Volunteering at TNCS is not a burden; it’s a pleasure—no, an opportunity, a gift even. It’s a chance to be deeply involved in your children’s day-to-day school lives, to connect with them on their turf, and to see and experience what’s going on in their lives from their points of view, all while providing a service to the school. There’s nothing so reassuring in parenting than to get proof that your child is happy and flourishing even when you aren’t there.

So go ahead—pick one (or several) and reap the fruits of your labor. Just don’t get discouraged by bumps in the road. We’ve got all year!

Volunteerism at TNCS

The great American education reformist Horace Mann long ago observed, “Doing nothing for others is the undoing of ourselves.” Mann fought for such ideals as higher wages for teachers, access to education for all creeds and classes, and abolishing corporal punishment in schools. He also believed in helping others for the sake of doing so rather than for external reward—volunteerism, in other words.

Volunteering is also a central value held by The New Century School, insofar as it builds and strengthens our thriving community. For the good of all parties, TNCS has made volunteering a contractual obligation for the 2013–2014 school year. Says Head of School Alicia Danyali:

I feel strongly that volunteering is a huge component of any successful organization. At TNCS, parent involvement and support is crucial. Parents and teachers are partners in the school and in their children’s individual achievements. Making parent involvement mandatory sets an example to students that we are a true community. No matter what little time parents have available in their busy lives, they can contribute in some way with the volunteer opportunities the school provides. Whether cataloging books in the library, laying down mulch in the playground, or laminating classroom materials from home, everyone is contributing to the school in some way. It gives a sense of belonging and involvement that you can’t get waiting for others to step up. Julie Baldi and Tracy Browning have done an amazing job organizing the committees this year. That is just another example of how thankful I am for parent volunteering.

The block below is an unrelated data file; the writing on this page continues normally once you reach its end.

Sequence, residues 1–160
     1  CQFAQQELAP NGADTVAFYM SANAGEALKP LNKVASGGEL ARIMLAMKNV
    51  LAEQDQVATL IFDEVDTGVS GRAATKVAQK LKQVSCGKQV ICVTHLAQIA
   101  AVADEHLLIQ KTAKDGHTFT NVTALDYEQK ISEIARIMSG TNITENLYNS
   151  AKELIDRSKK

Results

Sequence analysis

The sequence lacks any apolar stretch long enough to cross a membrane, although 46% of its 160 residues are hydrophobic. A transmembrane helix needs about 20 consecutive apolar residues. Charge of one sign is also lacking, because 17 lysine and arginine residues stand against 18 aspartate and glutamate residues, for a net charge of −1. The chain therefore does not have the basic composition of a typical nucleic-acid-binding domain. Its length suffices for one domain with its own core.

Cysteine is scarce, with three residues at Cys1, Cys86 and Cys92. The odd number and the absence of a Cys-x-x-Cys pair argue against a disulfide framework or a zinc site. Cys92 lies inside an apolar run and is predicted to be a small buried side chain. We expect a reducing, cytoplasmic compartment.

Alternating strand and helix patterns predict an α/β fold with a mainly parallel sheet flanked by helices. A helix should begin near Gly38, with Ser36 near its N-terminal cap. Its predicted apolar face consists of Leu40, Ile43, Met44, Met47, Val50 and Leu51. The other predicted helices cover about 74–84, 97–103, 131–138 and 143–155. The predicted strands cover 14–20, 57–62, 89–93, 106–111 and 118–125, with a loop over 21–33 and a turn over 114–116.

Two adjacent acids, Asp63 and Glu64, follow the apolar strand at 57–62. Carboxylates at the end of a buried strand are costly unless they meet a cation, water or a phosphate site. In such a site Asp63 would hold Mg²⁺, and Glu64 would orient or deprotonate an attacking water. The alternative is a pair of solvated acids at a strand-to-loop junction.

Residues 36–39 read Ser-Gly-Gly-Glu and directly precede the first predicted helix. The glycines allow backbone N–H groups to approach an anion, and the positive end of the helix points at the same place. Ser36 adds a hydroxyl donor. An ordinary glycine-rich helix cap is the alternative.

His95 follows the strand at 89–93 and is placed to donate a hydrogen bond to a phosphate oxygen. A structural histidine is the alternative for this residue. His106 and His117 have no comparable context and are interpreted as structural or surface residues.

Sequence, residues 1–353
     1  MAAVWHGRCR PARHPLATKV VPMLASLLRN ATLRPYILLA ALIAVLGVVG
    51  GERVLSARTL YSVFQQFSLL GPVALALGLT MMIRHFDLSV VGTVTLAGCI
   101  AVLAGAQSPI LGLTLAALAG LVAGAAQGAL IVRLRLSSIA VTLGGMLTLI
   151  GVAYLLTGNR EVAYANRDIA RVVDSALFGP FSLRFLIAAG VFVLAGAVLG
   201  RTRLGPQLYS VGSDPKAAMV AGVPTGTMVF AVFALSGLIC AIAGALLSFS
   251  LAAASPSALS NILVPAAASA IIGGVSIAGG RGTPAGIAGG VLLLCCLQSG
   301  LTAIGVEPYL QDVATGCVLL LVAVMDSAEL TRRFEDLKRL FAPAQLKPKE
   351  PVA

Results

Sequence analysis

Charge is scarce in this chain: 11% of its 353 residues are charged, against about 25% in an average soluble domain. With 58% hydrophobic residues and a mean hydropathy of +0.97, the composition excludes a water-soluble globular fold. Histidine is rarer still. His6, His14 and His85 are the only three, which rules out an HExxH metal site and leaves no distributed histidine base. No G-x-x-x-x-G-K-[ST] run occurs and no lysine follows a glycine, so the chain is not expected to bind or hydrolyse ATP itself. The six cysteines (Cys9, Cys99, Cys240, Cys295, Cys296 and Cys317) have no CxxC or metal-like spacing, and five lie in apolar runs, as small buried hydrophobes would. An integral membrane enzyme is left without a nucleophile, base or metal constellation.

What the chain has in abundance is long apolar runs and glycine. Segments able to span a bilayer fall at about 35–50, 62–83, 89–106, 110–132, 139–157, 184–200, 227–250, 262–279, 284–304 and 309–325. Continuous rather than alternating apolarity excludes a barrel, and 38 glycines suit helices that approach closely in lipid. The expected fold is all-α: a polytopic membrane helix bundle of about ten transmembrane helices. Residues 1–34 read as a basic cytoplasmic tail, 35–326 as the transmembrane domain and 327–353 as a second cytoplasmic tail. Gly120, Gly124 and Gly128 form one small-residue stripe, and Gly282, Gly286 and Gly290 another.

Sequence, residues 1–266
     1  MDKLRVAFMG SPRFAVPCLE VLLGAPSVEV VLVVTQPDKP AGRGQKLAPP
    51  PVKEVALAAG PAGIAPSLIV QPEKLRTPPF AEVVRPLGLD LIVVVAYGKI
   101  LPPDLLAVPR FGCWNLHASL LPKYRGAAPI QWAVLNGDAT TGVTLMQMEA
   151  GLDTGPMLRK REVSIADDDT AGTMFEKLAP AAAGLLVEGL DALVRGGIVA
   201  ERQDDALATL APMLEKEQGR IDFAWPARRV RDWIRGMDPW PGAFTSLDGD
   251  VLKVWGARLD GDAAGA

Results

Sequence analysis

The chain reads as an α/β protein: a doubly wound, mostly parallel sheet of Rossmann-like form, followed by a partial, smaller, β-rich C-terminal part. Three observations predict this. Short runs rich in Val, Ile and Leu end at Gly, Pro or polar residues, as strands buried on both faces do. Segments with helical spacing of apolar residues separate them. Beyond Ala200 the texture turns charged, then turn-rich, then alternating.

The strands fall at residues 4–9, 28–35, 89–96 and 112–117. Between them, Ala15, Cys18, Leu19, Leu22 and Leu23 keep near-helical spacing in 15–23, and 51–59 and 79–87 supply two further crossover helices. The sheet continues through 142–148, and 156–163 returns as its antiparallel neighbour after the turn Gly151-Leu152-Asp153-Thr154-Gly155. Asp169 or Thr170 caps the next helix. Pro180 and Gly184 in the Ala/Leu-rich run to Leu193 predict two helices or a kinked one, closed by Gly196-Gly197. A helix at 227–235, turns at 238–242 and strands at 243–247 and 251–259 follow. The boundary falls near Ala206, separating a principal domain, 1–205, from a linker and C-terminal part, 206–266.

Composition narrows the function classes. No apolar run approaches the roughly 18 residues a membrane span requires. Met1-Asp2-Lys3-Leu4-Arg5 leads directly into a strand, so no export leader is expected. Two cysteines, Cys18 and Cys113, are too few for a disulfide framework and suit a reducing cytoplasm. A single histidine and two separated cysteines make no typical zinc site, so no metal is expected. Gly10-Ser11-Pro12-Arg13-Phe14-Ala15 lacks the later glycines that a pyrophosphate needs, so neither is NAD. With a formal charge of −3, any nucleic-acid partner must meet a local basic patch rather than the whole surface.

TNCS Parent Liaison Julie Baldi heads up the Volunteer Committee organizing.

TNCS Parent Liaison Julie Baldi heads up the Volunteer Committee organizing.